Societal Siege is a three-piece, Montreal-based band made up of McGill students: Jacob Barton on vocals and guitar, Antoine Guimbal on bass and Drew Miller on drums. Their debut EP, Joseph Ziggler is available on all streaming platforms (so go listen to it!). Their genre is defined by Jacob as “Indie/Midwest emo”, but their sound is heavily influenced by Montreal.
Alright, so, tell me the origin story.
Jacob: I recorded music for my friends to listen to and put it on Soundcloud. When I moved to Montreal I started doing live stuff with another drummer. Then at a soundcheck, my drummer couldn’t be there, so I asked Drew to come.
Drew: We jammed for half an hour, felt pretty good. Got a text over spring break that said: “I just kicked out my old drummer, you’re my new drummer now”. And then we realized we needed some bass, some other business, so we brought in Antoine.
Antoine: I was just one of Jacob’s friends and I kinda played the guitar. Our first year together in residence sometimes Jacobs would be like “Yo, can you play these chords.” and I wouldn’t be able to. And then he kept doing it until I was able to play the chords.
You seem like you treat each other with so much kindness and tenderness. How you maintain that energy within the group?
Drew: I would say we were musicians first when it started. I just wanted music and I wanted it to sound good. Then we developed a relationship over time. It’s just how we are. We like to keep it lighthearted and easygoing.
Jacob: Every decision we make we always put in the group chat. Make sure everyone’s on the same page.
What’s the deal with the album artwork?
Jacob: I was driving home from Osheaga with my friends. It was a long drive and I was so tilted. My friend was drawing something on his phone. I sent it to Drew and said, “we should make this an album cover.” Drew added the text and then he was like, “I want it to look like we’re on acid”.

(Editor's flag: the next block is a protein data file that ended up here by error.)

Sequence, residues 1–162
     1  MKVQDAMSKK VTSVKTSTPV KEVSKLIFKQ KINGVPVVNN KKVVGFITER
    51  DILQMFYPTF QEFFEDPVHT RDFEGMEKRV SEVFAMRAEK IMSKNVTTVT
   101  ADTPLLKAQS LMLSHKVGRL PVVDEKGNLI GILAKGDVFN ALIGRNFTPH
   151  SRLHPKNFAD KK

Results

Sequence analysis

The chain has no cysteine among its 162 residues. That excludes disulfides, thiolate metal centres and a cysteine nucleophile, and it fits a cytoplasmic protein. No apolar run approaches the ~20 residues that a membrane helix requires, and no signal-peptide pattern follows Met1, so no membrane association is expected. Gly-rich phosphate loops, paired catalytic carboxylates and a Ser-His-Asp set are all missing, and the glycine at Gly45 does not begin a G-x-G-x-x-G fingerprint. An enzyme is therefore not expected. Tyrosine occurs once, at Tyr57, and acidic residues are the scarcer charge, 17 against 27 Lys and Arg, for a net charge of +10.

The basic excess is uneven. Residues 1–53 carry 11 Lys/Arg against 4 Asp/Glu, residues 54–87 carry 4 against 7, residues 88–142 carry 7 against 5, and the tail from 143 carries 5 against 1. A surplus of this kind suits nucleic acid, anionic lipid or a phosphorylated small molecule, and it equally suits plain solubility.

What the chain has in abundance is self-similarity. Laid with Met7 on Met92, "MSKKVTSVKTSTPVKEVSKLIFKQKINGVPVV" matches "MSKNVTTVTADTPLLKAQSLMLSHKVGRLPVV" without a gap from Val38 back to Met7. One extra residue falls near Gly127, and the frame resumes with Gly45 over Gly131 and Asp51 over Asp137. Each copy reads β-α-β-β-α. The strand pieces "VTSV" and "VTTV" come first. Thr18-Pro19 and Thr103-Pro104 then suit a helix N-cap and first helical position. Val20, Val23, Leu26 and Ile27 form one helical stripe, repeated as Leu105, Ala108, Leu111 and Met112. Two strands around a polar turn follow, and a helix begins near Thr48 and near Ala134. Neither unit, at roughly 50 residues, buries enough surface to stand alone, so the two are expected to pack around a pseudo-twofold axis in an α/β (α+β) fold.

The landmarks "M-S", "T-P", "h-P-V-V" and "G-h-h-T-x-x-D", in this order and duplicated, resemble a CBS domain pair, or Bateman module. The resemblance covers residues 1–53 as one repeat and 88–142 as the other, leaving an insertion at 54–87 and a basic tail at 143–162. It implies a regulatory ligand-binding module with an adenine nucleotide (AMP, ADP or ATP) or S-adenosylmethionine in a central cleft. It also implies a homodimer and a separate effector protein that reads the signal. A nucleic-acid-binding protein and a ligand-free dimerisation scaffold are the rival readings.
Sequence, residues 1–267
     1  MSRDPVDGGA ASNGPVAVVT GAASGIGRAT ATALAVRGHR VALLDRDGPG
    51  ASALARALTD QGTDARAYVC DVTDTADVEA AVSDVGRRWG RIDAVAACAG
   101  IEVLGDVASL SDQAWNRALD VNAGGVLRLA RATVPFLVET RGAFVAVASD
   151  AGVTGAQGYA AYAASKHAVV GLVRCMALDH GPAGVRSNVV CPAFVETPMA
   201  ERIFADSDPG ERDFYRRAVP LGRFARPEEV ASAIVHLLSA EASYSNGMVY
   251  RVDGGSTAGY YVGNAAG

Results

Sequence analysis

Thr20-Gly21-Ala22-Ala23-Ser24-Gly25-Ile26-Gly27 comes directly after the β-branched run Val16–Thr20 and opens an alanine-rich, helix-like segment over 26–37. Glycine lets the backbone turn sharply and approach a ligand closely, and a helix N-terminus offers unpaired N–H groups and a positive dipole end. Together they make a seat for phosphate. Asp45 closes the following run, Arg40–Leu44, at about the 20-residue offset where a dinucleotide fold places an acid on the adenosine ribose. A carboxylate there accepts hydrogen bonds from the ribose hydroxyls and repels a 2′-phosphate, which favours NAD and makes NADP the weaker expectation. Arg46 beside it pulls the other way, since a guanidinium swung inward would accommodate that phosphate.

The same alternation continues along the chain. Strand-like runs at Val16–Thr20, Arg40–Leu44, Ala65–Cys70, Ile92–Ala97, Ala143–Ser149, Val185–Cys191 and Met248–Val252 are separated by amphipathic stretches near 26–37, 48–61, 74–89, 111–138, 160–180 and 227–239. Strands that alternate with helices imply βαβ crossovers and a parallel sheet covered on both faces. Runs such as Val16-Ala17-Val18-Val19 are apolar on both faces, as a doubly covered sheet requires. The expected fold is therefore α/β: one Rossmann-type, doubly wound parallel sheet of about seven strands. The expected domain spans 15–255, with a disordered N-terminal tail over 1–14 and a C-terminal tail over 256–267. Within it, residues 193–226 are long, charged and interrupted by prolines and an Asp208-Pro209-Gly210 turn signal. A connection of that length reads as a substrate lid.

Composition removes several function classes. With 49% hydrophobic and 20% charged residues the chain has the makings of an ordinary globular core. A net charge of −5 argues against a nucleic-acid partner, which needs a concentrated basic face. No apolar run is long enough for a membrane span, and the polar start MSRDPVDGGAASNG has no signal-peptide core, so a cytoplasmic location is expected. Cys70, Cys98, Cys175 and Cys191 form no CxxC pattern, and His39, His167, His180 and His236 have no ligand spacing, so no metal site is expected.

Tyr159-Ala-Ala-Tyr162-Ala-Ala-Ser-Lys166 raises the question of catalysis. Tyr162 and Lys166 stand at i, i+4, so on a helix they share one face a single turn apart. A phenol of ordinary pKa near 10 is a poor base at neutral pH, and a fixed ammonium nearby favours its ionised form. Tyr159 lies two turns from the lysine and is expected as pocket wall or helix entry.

Drew: I said I wanted to fuck it up! Cause I got it, and the text said: “This is the album cover.” and I was like “Oh.”
Tell me about the recording process for your EP.
Drew: The EP goes from blaming the world for your sadness to accepting it. It’s kind of uplifting in the end. Jacob told us we were gonna make an EP. We picked five songs like pretty quick and started dividing it up into parts. We’d built them up beside each other and send stuff back and forth.
Antoine: I was in France. So while they were doing this I’d be asleep and I’d wake up in the morning to like 25 voice memos. I’d sit down for like two hours and have to listen to them all.
Are you satisfied with your sound right now and do you see it evolving?
Jacob: I think when we write the songs we’re satisfied. But I feel like it’s always changing a little bit, like the two songs we’re playing tonight are kind of different from the slow, sad stuff. Cause the shows aren’t like that, and it’s a problem because every song we have online is emo shit. But now it’s like, I’m sad but I’m pissed!
How has Montreal influenced your sound?
Antoine: I think part of it is like, we all moved here from somewhere to go to university. It is kind of like you get to meet a new person. I feel like I’m interacting with the city so differently than any other place I’ve ever been before. We’ve all gone through shit in the last two years that have shaped how we see the city.
Drew: Everyone comes here with some sort of vision of what [the city] is, and everyone finds their place, which is cool. But I think a lot of it has to do with this place kind of beating you up sometimes. This place kind of shit on me last year. And it’s not Montreal’s fault, it just happened here so you can blame the place for it.